In November 2010, Nursery Management readers were the first to learn about the concept of using an aerial platform and object-based software to automate the inventory process. Since 2010, our collaborative team of researchers has made great strides in counting field- and container-grown plants in open-field settings. This progress has been made possible by continued efforts of the team, funding by the Oregon Association of Nurseries, and the addition of graduate students at Arkansas and Florida.
The key to the success of this collaborative effort is to find or develop grower-friendly software that can reliably count plants in production settings. Since software specific to plant inventory does not currently exist, the team is using a two-pronged approach to move forward. Ying She, a Ph.D. student at the University of Florida, is developing her own image processing solution that could be developed into a stand-alone software program for plant inventory. Josue Leiva Lopez, a MS student at the University of Arkansas, is trying to adapt off-the-shelf object- based (OB) software. Typically OB software is used to identify objects in satellite images. Table 1 (see page 30) illustrates some preliminary results from an analysis of images using two different software programs. Both students are early in their graduate programs, so it is too premature to know how robust these programs are in counting plants under a variety of nursery conditions. However, the team is optimistic that it is moving in a positive direction.
The University of Florida and Oregon State University have also been conducting some preliminary research on taking individual images that are subsequently stitched and then analyzed using OB software. Plant count of images stitched from video taken at a Florida nursery was 98 percent accurate. The group is also interested in comparing images taken individually versus images extracted from a video file. Oregon State University has been working on still and video images collected over Christmas tree farms. Plant counts have been as high as 97 percent. All of these efforts are focused on addressing broader issues related to the collection and processing of images from large production blocks or fields. Blocks of newly planted plants are fairly easy to count; however, during shipping season, rows or blocks of plants begin to look like Swiss cheese, making human counts difficult.
The foundational objective of these collective efforts is to either develop from scratch, or adapt currently available OB software, to count and analyze for inventory purposes, plants in open-field nurseries. In either case, the process is dependent on obtaining aerial images on an as-needed basis. This is another aspect of this research project that is pushing the technology envelope. Since May 2010 the team has been utilizing a lightweight unmanned aerial vehicle (UAV) to obtain images.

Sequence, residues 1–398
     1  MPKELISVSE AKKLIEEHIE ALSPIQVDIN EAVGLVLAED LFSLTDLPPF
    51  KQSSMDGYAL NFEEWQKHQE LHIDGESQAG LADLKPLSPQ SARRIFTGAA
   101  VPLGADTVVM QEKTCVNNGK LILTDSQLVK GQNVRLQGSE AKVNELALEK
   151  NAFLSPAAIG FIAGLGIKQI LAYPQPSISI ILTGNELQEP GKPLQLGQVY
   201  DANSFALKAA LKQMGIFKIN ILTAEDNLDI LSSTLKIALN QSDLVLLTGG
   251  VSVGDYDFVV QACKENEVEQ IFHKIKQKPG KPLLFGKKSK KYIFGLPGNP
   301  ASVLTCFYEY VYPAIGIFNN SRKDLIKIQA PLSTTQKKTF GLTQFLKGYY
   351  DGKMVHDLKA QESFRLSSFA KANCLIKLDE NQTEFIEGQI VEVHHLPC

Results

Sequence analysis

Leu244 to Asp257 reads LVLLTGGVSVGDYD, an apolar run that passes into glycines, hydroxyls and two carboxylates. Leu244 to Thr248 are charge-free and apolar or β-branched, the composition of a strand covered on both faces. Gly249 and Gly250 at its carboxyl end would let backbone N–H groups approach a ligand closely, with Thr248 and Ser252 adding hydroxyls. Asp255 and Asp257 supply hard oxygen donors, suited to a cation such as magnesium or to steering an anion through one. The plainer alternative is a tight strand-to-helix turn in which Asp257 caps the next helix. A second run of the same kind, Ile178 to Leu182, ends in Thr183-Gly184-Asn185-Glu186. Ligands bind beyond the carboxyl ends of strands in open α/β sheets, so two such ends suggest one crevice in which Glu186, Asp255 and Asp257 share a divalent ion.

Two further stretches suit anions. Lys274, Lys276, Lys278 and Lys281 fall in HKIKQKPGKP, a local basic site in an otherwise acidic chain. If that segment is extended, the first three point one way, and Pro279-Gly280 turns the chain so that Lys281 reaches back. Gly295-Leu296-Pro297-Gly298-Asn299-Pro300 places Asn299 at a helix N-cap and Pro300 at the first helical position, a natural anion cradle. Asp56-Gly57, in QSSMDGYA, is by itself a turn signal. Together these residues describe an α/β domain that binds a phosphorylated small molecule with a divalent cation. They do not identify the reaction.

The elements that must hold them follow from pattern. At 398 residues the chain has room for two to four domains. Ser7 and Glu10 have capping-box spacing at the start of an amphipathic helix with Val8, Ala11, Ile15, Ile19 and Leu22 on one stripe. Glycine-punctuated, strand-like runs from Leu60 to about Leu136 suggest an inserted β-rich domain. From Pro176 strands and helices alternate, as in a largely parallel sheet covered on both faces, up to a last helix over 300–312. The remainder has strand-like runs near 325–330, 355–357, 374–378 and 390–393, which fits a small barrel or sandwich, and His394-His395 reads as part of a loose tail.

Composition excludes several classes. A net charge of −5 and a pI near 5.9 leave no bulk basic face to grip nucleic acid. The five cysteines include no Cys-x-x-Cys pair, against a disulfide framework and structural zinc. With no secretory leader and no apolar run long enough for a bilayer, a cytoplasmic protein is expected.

While this aspect of the project may be the most “cool,” it has also proven the most frustrating. In May 2010 the research team began to encounter challenges regarding the use of UAV’s commercially. Public and commercial use of UAVs is currently caught in a quagmire of interim rules from the FAA. This is a clear example of technology outpacing regulations. We are hopeful that the operational guidelines to be released by September 2015 will allow for increased public and commercial uses of UAVs. Other hurdles include solar flare and weather impact on flights, battery life and durability of aerial platforms, to mention a few.
Even with these significant challenges, the collaborative team is still optimistic that a practical system can be developed to help automate certain aspects of the inventory process for open-field nurseries. Stay tuned as we continue our adventure.
The team would like to express their thanks to J. Frank Schmidt & Sons Nursery (Boring, Ore.), Bailey Nurseries (Yamhill, Ore.), Yule Tree Farm (Aurora, Ore.), Greenleaf Nursery (Park Hill, Okla.), Brantley Nurseries (Winter Garden, Fla.), Cherry Lake Tree Farm (Groveland, Fla.), Parks Brothers Greenhouses (Van Buren, Ark.) and the Oregon Association of Nurseries.
Authors: Jim Robbins, extension horticulture specialist (email@example.com), and Josue Nahun Leiva, graduate assistant, University of Arkansas, Division of Agriculture; Ying She, Ph.D. student, and Reza Ehsani, associate professor, University of Florida; Jim Owen, assistant professor of horticulture, Virginia Tech; Dharmendra Saraswat, associate professor, University of Arkansas, Division of Agriculture; Joe Mari Maja, postdoctoral association, University of Florida; Heather Stoven, faculty research assistant, and Chal Landgren, professor, Oregon State University.